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The Digg effect, on my blog

July 3, 2009
tags:

My blog was stumbled a few days ago, and this is the result:

digg_effect

I always heard about such spikes in visitors / page views, but I never thought it would happen to me 🙂 . Five times more visitors than the average, in one day.

The new Firefox 3.5 icon

July 1, 2009
tags:

I simply love it 🙂

Firefox 3.5 icon

Firefox 3.5 icon

Add figure or table that spans multiple columns

June 21, 2009
tags:

If your Latex document has two or more columns, if you add a figure or table, it will span one column and then overlap with the text from the second one. To fix this and let the object take up space in both columns, just add a star after the object name, like this:

\begin{table*}
\centering
\caption{Table Caption}
\begin{tabular} …
\end{tabular}
\end{table*}

or, for a figure:

\begin{figure*}[!t]
\centering
\includegraphics[width=7in]{filename}
\caption{ Figure Caption}
\label{label}
\end{figure*}

How to get CPU usage in Linux from Java

May 15, 2009
tags: ,

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The easiest method to get the CPU usage from a Java class in Linux is to parse the output of the top command. Check out the following code.

import java.io.*;
public class SystemData
{
    static String cmdTop = "top -n 2 -b -d 0.2";
    // returns user cpu usage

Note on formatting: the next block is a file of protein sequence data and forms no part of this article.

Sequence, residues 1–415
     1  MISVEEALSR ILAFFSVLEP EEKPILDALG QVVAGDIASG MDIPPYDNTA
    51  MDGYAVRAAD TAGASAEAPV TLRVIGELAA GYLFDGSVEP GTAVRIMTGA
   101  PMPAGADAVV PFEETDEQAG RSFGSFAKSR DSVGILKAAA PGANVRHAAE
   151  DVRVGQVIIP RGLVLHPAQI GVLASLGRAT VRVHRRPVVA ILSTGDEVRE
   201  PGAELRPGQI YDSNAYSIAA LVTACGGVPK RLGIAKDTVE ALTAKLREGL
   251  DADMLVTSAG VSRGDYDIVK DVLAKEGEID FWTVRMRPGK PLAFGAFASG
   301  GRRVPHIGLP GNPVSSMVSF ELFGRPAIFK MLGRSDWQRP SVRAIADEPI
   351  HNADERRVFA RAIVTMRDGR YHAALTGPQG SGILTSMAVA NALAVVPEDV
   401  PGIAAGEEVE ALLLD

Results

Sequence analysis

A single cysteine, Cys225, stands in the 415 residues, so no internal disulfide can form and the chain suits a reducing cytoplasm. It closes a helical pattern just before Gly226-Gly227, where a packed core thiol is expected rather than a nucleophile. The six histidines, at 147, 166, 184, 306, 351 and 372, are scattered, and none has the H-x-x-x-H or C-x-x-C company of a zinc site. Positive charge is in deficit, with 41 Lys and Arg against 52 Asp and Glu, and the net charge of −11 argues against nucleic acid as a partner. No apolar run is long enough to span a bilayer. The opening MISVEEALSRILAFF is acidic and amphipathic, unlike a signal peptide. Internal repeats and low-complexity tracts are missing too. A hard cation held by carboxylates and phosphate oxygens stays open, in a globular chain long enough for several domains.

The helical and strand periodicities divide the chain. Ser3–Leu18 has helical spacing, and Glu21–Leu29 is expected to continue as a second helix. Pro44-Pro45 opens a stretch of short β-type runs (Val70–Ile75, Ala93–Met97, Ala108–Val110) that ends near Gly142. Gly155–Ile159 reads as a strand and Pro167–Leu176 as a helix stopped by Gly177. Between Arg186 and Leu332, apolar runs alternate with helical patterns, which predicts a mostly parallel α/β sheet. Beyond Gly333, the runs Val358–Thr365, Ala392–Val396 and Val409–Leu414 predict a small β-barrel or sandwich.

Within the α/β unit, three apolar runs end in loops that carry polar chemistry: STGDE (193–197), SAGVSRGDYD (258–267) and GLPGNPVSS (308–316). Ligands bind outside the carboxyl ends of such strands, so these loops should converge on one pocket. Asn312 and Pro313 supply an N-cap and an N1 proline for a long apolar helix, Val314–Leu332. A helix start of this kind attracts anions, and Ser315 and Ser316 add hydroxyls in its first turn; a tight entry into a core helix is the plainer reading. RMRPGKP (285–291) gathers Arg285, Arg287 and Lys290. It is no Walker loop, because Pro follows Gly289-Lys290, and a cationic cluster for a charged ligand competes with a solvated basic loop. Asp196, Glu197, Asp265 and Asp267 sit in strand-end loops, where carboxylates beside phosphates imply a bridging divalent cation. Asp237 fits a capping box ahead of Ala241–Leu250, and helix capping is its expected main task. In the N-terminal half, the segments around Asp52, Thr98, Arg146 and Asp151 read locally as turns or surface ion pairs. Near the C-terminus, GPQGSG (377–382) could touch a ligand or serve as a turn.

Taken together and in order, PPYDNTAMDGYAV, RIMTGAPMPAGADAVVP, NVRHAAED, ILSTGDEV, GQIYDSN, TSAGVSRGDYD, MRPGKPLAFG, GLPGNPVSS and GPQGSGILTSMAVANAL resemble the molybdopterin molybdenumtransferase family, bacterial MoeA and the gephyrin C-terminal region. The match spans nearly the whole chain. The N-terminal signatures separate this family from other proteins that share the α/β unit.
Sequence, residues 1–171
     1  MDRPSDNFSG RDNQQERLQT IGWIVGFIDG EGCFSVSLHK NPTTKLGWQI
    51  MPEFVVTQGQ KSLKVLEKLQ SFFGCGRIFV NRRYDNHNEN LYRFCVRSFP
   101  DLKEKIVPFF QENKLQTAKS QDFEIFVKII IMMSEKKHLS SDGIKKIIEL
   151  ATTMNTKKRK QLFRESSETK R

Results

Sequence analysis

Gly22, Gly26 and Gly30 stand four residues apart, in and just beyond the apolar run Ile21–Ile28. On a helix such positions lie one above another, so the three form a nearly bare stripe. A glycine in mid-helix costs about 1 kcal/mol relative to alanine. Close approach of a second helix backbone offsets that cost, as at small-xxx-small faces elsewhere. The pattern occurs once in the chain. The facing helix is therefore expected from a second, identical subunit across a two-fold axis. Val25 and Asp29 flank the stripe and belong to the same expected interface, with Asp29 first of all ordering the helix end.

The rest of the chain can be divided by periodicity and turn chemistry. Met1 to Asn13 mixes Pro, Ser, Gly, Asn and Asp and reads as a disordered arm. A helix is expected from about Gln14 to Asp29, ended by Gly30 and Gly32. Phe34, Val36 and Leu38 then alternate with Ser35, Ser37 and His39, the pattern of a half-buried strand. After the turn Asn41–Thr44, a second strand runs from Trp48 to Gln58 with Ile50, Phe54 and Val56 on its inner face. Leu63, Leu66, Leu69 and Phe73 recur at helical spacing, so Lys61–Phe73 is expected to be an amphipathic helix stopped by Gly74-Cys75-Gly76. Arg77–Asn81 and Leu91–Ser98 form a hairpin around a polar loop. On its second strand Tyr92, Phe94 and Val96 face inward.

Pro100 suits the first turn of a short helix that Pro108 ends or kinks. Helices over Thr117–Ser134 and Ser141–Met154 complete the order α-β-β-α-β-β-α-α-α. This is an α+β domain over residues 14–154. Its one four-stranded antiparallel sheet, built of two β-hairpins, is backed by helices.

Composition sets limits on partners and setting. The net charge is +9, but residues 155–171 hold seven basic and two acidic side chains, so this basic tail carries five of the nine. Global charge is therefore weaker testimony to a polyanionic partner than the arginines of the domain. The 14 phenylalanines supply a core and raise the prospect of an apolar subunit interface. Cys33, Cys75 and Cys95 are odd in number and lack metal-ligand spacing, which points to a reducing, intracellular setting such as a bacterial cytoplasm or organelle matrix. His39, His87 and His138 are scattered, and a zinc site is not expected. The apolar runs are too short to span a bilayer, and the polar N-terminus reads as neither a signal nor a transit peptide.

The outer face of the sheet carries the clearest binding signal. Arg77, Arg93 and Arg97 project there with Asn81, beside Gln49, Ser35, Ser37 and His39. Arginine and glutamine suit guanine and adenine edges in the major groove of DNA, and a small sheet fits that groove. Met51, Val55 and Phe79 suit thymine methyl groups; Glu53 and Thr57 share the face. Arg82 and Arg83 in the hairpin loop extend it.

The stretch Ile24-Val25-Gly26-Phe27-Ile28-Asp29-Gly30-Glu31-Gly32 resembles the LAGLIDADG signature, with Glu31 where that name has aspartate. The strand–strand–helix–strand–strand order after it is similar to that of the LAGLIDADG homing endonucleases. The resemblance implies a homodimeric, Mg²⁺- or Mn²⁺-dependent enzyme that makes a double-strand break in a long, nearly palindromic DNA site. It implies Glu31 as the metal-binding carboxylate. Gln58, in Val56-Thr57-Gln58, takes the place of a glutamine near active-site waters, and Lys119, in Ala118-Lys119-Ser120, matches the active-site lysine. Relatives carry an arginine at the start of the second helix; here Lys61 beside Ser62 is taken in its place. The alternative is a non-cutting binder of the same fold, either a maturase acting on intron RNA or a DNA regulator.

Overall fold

public static double getCpu()
    {
        double cpu = -1;
        try
        {
            // start up the command in child process
            String cmd = cmdTop;
            Process child = Runtime.getRuntime().exec(cmd);

            // hook up child process output to parent
            InputStream lsOut = child.getInputStream();
            InputStreamReader r = new InputStreamReader(lsOut);
            BufferedReader in = new BufferedReader(r);

            // read the child process' output
            String line;
            int emptyLines = 0;
            while(emptyLines<3)
            {
                line = in.readLine();
                if (line.length()<1) emptyLines++;
            }
            in.readLine();
            in.readLine();
            line = in.readLine();
            System.out.println("Parsing line "+ line);
            String delims = "%";
            String[] parts = line.split(delims);
            System.out.println("Parsing fragment " + parts[0]);
            delims =" ";

            parts = parts[0].split(delims);
            cpu = Double.parseDouble(parts[parts.length-1]);
        }
        catch (Exception e)
        { // exception thrown
            System.out.println("Command failed!");
        }
        return cpu;
    }
}

The parameters from the top command line mean: -b = batch mode, –d 0.2 = take the readings at 0.2 seconds intervals, -n 2 = take 2 readings (the first reading is not correct, from my experience, so we take two).
This code fragment only gets the user CPU percentage. To get the whole CPU percentage, you have to add this value with the system CPU. These values are easy to obtain by changing a few numeric values in the above code. This is left as an exercise for the user. Note that although in general the system CPU and nice CPU percentages are very small, this is not always the case and it is safer to add these values together than to approximate the CPU usage as user CPU only.

How to surf the Intranet (local network sites) using ssh

May 11, 2009

If the company you work for has restrictions that allow visiting certain company websites only from within the company, you can bypass this restriction using ssh access.

From your local machine, connect to the ssh server of your company and add a few options, like this:

ssh -C2qTnN -D 8090 username@servername